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Oct 28, 2014
Article #266
Author: Mel Jones

As a finance guy, I tend to be conservative when investing.  It's in my DNA.  I spent 22 years in corporate finance ending with a CFO role with Universal Music Group, the largest music recording company in the world. So numbers and risk adverseness are in my DNA. 

When people talk of leverage, it can have various meanings to each investor, and to me prior to this bad economy, I avoided due to the risks and high rates.

The purpose of this article is to show you the math related to leveraging. and why there has never been a better time to leverage your restaurant purchase.  

The bad economy has made restaurant values relatively cheap by beating down the cash flow multiples that one pays for a business along with beating down the profits of the restaurant business as well, causing a double-whamo to the restaurant's price.  


The cash flow multiples are driven by buyer perception of the future.  When the future looks grim, people believe cash flow wil decrease, as a result they reduce the multiples they're willing to pay for a business.  Said another way a buyer may say  "yeah that's good and dandy that you made $100,000 last year, but because of the bad economy, I think you're only going to make $70,000 next year."  This has a result of lower the multiple paid for the business.  The buyer may be willing to pay 2.5 times, but it is 2.5 times for what he or she expects, which is $70,000 a year which is $175,000.  But the seller is thinking 2.5 times $100,000 or $250,000.  In essence the real multiple is $175,000/$100,000 in this case or 1.75 times.  We say this behavior during 2008 through 2013. 

And when the economy is weak, sales tend to decrease and costs tend to increase unless the margins are well managed.  Again, as illustrated above, the buyer knows this and is thinking $75,000 while the owner is thinking $100,000 of cash flow. But if the seller wants to sell, then he too hase to come to reality of the situation and price his business accordingly. 


Let me illustrate this with some more numbers. Let's assume a restaurant before the bad economy was earning $150,000 a year owner cash flow. And because people's expectations when the economy was strong were good, they would pay 2.7 time or more for a restaurant business with good books and record.  At SellingRestaurants we sold hundreds of them at those multiples from 2004 to 2008.  This restaurant was then worth about $405,000. 

Let's fast forward.  Today the market has beat down the cash flow multiples because the buyer's expectations of the future is shakey, and the way they reduce risk is by reducing the cash flow multiple they're willing to pay. So today the multiple could be closer to 2.2 times and at one point the multiples were below 2 times (keep in mind each region in the U.S. and international countries commands different multiples).  To make matters worse, since sales are down and costs are up, the owner's cash flow for that same restaurant is now $100,000.  So the value of the restaurant today is $220,000, a cool $185,000 less than a few years ago.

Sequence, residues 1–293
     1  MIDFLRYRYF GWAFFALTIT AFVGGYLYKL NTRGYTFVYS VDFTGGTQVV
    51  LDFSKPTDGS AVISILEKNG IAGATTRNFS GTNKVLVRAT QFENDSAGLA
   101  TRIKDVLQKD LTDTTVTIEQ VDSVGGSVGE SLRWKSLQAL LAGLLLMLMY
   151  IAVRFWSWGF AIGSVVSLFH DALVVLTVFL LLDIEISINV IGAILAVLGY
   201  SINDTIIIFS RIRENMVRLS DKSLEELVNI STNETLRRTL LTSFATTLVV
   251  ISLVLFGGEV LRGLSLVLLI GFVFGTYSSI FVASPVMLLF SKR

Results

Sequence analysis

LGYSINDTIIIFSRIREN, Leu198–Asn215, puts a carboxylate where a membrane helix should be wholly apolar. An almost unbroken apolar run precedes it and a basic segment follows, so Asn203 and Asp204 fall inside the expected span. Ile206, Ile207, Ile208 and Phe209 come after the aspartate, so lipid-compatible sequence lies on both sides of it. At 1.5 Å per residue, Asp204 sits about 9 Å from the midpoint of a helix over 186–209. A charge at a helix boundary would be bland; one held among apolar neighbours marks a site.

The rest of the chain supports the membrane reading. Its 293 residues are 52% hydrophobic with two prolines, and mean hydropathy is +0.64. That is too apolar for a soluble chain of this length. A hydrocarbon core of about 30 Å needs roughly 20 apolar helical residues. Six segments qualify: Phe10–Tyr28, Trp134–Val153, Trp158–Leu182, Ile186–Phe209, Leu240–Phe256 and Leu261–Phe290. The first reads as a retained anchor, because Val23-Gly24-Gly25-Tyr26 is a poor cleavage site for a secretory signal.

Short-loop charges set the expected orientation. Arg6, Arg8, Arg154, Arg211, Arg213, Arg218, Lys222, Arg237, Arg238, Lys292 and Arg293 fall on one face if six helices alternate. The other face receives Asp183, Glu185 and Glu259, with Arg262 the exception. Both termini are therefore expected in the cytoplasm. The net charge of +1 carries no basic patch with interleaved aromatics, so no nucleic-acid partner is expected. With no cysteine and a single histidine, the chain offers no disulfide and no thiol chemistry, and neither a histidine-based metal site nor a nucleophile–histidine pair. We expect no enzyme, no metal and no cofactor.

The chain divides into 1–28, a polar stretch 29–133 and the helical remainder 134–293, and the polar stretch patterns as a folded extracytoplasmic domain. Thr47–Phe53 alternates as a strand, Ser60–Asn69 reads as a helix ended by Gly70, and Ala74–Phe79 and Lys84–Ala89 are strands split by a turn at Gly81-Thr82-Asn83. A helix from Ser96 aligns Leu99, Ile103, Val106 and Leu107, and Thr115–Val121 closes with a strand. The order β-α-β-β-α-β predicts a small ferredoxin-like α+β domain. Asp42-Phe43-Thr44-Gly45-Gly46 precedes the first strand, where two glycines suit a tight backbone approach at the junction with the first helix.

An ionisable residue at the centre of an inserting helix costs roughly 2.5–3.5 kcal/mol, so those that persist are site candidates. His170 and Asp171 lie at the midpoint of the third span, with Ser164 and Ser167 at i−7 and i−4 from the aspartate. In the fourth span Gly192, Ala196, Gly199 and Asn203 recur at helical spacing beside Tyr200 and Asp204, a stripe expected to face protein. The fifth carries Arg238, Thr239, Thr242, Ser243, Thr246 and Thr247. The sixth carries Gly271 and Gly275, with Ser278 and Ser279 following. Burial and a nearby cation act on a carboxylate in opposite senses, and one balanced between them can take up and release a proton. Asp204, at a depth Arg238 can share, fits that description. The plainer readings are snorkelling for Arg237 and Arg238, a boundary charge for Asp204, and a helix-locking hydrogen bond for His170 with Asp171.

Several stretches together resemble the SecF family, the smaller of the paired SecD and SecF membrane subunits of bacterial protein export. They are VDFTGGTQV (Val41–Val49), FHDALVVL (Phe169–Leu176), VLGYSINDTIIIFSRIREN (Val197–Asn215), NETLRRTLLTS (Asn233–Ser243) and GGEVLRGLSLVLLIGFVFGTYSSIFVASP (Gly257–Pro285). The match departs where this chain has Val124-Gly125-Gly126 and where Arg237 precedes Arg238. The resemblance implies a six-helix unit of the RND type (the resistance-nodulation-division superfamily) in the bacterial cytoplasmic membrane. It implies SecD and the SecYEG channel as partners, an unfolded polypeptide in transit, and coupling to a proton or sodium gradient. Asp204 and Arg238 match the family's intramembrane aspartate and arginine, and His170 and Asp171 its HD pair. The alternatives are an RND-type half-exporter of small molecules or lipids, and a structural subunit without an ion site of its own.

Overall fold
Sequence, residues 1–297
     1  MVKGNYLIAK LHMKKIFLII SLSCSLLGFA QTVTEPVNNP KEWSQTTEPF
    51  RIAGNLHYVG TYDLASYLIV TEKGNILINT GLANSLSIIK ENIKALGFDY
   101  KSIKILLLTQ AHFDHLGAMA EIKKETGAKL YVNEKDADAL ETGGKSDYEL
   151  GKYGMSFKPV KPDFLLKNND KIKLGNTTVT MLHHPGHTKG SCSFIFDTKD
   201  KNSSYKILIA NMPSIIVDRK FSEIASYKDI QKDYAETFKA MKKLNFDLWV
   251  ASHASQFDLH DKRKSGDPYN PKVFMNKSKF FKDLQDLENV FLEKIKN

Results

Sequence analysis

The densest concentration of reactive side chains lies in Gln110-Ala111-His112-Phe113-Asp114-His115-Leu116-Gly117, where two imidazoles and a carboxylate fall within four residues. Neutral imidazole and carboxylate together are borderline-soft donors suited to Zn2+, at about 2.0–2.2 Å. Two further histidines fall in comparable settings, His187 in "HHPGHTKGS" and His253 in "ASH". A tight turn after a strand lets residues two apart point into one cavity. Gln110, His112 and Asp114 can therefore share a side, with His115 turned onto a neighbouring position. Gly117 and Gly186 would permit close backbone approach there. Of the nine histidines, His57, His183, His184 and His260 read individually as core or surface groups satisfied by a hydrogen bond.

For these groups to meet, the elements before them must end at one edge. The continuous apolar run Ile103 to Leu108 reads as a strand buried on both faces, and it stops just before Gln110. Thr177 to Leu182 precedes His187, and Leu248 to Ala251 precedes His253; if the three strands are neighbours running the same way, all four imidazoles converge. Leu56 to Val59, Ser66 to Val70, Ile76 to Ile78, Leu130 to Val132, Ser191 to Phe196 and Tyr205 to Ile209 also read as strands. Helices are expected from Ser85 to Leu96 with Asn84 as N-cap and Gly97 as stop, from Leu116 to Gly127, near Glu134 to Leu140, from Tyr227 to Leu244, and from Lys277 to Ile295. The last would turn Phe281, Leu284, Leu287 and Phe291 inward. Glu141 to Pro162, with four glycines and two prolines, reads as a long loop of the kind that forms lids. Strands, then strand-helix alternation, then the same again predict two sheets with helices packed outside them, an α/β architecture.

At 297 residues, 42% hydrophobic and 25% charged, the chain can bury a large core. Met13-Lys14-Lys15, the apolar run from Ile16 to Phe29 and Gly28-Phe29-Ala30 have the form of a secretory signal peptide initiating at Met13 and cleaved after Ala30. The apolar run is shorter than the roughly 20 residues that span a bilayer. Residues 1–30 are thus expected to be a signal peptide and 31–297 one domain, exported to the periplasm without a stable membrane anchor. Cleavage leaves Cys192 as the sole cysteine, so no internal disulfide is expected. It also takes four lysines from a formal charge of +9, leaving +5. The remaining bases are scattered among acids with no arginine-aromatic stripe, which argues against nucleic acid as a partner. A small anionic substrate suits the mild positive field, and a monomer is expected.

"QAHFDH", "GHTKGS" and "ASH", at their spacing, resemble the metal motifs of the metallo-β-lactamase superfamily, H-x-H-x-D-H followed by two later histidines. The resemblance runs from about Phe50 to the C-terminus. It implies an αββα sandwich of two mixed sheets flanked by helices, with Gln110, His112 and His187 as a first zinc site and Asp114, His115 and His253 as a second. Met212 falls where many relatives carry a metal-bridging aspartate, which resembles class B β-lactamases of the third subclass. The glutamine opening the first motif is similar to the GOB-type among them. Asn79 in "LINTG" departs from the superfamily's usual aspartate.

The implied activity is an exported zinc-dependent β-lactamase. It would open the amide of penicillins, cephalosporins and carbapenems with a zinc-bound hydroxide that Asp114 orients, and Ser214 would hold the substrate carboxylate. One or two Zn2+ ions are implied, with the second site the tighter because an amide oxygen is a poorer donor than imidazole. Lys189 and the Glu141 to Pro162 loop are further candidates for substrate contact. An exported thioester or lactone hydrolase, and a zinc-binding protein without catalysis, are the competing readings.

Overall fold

So keep up with me here.  You buy this restaurant for $220,000 with an SBA loan and a total of 20% down plus closing costs. That would be about $58,000 down in total out of your pocket.  After debt payments of principal and interest you'd net about $77,000 a year from this business. 

Here is where it gets fun and interesting.  Let's say the economy turns-up, as many are finally saying it is.  This allows you to raise prices on the menu.  It will drive more traffic to your business if you're doing a good job of provide great food, good prices and great service. So now the restaurant is earning $150,000 again. And more important, the buyers are more optimistic and the cash flow multiples have been driven-up to the 2.7 times again. The value of the restaurant is now $405,000. 

So with $58,000 out of your pocket, you've not only increase your equity by $185,000 or 3.2 times what you put down, you've also increased you income by $50,000 and the restaurant after debt service is now returning you $127,000 on a $58,000 investment. More than a 200% return on investment. Of course, some would pay themselves a fair wage and reduce that number by that amount, but it would still be more than a 100% return!



Mel Jones is one of the premier restaurant brokers in the nation having published hundreds of articles on buying and selling a restaurant and bar business, selling thousands of restaurants in CA., WA and AZ and building one of the most copied business models in the brokerage industry.  Mel started SellingRestaurants in 2004 with the one simple concept, give the buyers the information they need to make intelligent buying decisions without being pestered by a broker or hiding information, prepare the business for market by researching key details that make or break deals and educate the buyer on the buying process to create an intelligent buyer.  Prior to SellingRestaurants, Mel was a Chief Financial Officer for Universal Music Group, the largest music company in the world.  There he participated in more than $11.5 billion of merger and acquisition transactions.  He also work for top companies such as Nestle Foods, USA. He hold a Bachelors in Business Administration Finance as well as attened Law School at Gonzaga University.  Give Mel a call at 480.274.7000 or e-mail him at [email protected] if you have any questions. 


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